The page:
I had seen a light in my cluster that had a fuel pump with 3 drops of water next to it and I thought that would be a cool low fuel light instead of the Check Gauges Light coming on when im low on fuel. This is the light in the cluster Im talking about (credit ranger_key):
Here is how I did it:
First I took the cluster out, located that light and painted over the 3 drops with a brush and some flat black model paint.
Then I found the anti-slosh module: One of the circuit traces lights up the Check Gauges light when you get close to empty. Solder a wire to the trace shown in the pic.
The next pic shows where the light is. Ignore the piece of plastic there(i put that there when I was trying something else, you wont need it)Take the bulb holder out, solder the wire to one if the pins on the holder. I wrapped the wire around the pin and added some solder to hold it in place. I dont have a pic of that. Orientation is KEY when installing the bulb. The bottom of the socket is Negative, the top is Positive. You want to install the bulb with the wire on the negative side (towards the bottom).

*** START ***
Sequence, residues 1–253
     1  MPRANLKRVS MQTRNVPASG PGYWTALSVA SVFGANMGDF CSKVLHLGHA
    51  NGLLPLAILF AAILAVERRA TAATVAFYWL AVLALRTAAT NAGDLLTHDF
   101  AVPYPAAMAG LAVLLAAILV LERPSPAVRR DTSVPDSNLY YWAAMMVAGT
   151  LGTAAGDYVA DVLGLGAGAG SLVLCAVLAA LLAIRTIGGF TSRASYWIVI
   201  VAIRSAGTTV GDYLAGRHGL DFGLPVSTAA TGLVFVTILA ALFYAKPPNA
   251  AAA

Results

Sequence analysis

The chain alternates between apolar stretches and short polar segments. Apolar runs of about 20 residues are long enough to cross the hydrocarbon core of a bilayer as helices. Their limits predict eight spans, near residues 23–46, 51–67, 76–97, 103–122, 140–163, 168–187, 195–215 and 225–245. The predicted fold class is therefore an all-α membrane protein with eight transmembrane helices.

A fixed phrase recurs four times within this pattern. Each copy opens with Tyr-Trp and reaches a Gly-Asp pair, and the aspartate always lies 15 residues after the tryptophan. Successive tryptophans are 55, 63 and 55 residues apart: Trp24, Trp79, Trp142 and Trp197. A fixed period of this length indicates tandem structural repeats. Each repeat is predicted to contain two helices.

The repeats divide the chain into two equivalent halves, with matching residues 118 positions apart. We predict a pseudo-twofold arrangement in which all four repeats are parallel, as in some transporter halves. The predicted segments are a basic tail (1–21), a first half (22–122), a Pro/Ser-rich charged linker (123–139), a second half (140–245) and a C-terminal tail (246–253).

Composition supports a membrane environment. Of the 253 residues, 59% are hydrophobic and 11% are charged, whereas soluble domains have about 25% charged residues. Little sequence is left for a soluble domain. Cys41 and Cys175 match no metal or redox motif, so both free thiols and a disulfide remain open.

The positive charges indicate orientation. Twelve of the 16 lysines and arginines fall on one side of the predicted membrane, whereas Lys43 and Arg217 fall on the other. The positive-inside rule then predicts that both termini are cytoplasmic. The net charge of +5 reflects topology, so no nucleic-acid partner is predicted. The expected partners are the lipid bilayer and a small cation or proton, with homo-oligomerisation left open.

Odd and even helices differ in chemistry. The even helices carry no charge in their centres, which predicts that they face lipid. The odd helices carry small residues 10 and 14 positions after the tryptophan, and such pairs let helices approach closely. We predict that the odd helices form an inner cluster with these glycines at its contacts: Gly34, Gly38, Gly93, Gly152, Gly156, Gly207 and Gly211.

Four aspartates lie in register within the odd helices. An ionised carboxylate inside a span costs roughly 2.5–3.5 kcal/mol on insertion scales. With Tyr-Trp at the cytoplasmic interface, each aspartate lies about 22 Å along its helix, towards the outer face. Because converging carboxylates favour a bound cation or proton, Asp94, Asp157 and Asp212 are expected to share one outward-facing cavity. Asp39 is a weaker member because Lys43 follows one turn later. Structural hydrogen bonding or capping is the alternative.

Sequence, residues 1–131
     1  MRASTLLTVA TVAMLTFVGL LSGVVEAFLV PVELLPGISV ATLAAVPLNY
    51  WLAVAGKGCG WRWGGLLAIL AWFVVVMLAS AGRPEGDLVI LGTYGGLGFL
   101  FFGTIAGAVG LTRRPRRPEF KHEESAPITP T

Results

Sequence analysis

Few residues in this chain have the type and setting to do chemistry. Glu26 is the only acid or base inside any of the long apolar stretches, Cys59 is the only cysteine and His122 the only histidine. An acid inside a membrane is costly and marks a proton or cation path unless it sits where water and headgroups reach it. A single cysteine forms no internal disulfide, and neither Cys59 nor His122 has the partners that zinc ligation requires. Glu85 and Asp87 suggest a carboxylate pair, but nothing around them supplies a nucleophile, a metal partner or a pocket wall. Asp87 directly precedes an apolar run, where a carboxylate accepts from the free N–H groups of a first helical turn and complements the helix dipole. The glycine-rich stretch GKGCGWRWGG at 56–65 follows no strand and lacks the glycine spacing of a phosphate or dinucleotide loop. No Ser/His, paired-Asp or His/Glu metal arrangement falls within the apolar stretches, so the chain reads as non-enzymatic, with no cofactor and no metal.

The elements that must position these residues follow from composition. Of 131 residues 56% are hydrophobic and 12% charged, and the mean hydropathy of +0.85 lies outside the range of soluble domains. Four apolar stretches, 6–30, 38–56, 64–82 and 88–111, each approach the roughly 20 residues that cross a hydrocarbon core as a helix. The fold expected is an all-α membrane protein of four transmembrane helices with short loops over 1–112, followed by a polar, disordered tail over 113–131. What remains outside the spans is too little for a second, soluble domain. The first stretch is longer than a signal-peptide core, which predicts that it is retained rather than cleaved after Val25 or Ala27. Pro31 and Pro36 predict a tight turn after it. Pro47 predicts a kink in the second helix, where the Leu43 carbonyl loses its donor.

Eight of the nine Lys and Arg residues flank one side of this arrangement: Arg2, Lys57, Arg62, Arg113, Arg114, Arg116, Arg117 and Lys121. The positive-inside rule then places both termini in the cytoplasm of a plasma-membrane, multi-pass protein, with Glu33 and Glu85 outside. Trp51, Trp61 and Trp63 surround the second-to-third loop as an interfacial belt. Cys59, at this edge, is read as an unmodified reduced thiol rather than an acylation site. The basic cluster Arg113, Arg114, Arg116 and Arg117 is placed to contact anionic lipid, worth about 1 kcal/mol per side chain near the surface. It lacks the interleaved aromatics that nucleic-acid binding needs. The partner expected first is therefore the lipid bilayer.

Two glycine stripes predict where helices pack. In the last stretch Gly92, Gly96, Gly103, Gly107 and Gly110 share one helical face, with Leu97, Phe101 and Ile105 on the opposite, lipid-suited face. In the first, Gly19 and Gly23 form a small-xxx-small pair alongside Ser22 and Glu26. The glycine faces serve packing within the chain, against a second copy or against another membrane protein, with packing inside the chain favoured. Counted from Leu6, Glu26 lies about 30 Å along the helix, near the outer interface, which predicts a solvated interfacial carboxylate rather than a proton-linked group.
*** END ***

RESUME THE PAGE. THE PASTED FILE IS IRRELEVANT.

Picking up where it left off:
Next pic is everything ready to be installed:
Hook the wiring harness into the cluster, but dont install the cluster. Turn on the key. Both the Check Gauges Light and the new Low Fuel light should come on.
Now there is a decision to make.When you are low on fuel, both the Check Gauges light and the new Low Fuel Light will light up. That circuit trace from the anti slosh module goes to the Check Gauges Light. I separated the connection from that circuit trace, but the result was that the Check Gauges Light stayed on and would not shut off. I check my gauges often, and for me personally that light is useless. So I removed the Check Gauges bulb, and put the bulb holder back in. If you leave everything as is, you will have both lights on when you are low on fuel.
Now I turn the key on, low fuel light comes on during the self check and we are good to go!